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Updated 2:00 PM January 13, 2004
 

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Medicinal chemist dives for new cancer drugs under the sea


Many scientists look for new drugs by synthesizing compounds in their laboratories. David Sherman dives for sea sponges and sediment off the coast, islands and reef systems of Papua New Guinea in the South Pacific.

David Sherman during a dive on a pristine reef in the Bismarck Sea, Papua New Guinea. Sherman collects marine sediments, cyanobacteria and sponges to study the their medicinal, biochemical and microbiological properties for discovery and development of new anti-cancer agents and antibiotics. (Photo courtesy David Sherman)

Though medicine has a long history of making drugs based on naturally occurring materials, such as antibiotic penicillin that comes from mold, Sherman says most of those efforts have focused on dry ground.

"We've barely scratched the surface of what's out there," says Sherman, the John G. Searle Professor of Medicinal Chemistry, College of Pharmacy; a professor of chemistry; and professor of microbiology and immunology, Medical School.

Sherman headed to the Solomon Sea in December with a dozen scientists and about half as many crew members. They went diving two or three times a day. After dinner every night, one of the scientists lectured about his or her specialty. The two-week trek last month was Dec. 8-23.

"This is the fourth field expedition in Papua New Guinea that I have gone on, and this by far was the most successful in terms of rich and diverse habitats," Sherman says. "We were able to collect over 10 times more samples than previous trips and expect to find exciting new drug-like molecules such as cancer-fighting agents and antibiotics."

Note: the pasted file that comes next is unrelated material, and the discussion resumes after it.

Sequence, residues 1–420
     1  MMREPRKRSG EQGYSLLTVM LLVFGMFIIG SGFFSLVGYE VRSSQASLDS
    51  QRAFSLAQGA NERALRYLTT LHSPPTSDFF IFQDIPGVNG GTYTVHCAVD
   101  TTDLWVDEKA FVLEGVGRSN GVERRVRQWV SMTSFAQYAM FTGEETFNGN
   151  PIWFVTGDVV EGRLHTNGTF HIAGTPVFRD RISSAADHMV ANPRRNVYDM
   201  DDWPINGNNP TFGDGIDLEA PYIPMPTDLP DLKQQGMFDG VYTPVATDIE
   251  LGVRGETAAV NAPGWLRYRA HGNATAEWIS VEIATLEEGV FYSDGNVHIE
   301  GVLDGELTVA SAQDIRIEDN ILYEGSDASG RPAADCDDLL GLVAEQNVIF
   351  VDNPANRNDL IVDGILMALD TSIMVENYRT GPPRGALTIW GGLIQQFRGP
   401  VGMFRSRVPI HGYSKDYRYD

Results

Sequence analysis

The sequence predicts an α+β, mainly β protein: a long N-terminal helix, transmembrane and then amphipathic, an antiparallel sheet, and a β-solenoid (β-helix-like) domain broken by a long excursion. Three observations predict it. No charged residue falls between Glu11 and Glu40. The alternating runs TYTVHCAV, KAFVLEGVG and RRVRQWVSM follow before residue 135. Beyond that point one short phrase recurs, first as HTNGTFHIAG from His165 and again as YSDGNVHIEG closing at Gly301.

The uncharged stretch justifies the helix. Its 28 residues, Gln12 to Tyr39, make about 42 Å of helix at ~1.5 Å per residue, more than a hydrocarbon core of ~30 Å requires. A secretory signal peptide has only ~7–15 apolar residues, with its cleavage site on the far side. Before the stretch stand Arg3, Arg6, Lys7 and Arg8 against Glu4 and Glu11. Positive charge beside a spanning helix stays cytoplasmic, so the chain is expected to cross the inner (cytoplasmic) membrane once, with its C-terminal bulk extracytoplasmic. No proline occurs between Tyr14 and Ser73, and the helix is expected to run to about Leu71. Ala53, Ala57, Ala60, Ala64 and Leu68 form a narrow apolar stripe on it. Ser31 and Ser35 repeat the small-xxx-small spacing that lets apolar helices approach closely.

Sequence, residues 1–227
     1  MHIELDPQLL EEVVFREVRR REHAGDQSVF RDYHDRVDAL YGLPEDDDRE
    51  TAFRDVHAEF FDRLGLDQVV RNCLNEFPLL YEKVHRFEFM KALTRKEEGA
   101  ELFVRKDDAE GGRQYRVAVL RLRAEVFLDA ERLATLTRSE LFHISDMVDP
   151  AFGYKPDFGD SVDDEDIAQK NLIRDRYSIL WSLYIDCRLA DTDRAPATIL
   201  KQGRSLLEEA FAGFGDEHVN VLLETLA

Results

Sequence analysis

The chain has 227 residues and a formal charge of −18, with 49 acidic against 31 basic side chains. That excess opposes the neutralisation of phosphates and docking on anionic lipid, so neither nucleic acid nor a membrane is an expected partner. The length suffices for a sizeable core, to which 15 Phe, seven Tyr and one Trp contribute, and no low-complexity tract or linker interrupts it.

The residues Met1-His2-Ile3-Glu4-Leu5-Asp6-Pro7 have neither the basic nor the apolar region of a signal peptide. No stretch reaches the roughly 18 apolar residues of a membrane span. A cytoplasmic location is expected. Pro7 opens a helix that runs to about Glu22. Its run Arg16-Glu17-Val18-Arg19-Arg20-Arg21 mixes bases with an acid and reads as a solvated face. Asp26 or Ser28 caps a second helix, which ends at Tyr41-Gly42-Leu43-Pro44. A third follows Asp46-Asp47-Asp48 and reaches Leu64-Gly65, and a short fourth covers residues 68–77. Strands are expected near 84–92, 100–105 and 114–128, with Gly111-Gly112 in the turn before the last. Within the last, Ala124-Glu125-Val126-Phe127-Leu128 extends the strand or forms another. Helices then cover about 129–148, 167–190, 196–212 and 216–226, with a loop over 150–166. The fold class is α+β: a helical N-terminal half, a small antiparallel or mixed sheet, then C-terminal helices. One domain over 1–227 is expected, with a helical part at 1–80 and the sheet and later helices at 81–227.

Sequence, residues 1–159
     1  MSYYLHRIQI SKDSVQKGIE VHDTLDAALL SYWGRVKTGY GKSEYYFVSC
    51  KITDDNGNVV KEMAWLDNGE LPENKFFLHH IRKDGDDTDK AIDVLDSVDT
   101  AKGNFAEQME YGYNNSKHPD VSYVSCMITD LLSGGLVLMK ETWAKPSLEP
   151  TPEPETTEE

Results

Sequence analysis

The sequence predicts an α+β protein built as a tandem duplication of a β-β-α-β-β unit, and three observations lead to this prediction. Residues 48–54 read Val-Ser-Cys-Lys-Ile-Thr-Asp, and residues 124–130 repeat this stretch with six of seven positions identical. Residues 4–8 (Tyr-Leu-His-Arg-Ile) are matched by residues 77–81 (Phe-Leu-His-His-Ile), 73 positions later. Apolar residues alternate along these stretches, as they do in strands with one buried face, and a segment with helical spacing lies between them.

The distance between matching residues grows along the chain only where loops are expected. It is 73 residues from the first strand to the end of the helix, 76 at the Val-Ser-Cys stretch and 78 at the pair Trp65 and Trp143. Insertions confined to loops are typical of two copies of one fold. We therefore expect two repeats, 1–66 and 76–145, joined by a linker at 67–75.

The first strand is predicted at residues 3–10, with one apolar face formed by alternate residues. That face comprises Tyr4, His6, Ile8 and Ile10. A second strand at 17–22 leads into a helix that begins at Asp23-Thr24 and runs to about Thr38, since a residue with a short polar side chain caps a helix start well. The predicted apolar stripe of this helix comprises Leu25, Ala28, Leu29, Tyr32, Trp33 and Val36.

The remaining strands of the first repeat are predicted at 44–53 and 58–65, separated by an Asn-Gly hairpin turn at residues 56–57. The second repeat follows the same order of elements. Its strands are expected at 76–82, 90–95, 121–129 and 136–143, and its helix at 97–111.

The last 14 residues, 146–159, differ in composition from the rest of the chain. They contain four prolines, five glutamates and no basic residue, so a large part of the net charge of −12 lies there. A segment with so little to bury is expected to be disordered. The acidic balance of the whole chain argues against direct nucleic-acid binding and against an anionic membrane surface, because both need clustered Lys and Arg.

Sherman chooses dive sites with high biodiversity and collects organisms that show promise as anti-cancer drugs. Sponges, for example, produce a wide array of biologically active materials he's interested in, and he also looks at algae, coral rubble and sediments from shallow- and deep-water environments.

He works with geologists and geophysicists to examine the oceanography and determine how old an area of the ocean is, and with sponge taxonomists to help him keep track of what has been studied elsewhere. After collecting materials, microbiology, genetics and biochemistry help his team understand the possibilities.

Sherman collaborates with the National Cancer Institute and Novartis Oncology for his research and has high hopes for the cancer-fighting potential of the materials he brings up. One of the field's most exciting recent cancer leads was found from a unique actinomycetes bacterium collected near a remote island in the Bismarck Sea.

Sponges and their microbial symbionts, which are found near sponges and which live inter-dependently with sponges, also have been providing many compounds that respond to specific cancer targets, he says. Several currently are in clinical trials.

One limitation continues to be adequate access to source material. Sherman hopes work like his will produce large amounts of a desired compound, limiting the need to return to pristine environments to collect materials.

The natural materials hold such great promise because humans, though capable of remarkable feats, can't begin to generate the amazing, rich complexity of what happens in nature, Sherman says. "Bacteria are fantastic organic chemists. We can spend three years making a compound that bacteria can make in three seconds as a natural part of their metabolism," he says.

Sherman's fascination with how aquatic microorganisms make products that might lead to anticancer compounds began by serendipity—as an undergraduate at University of California at Santa Cruz, he took a scuba class and organic chemistry at the same time. He still collaborates with his undergraduate adviser, professor Phil Crews.

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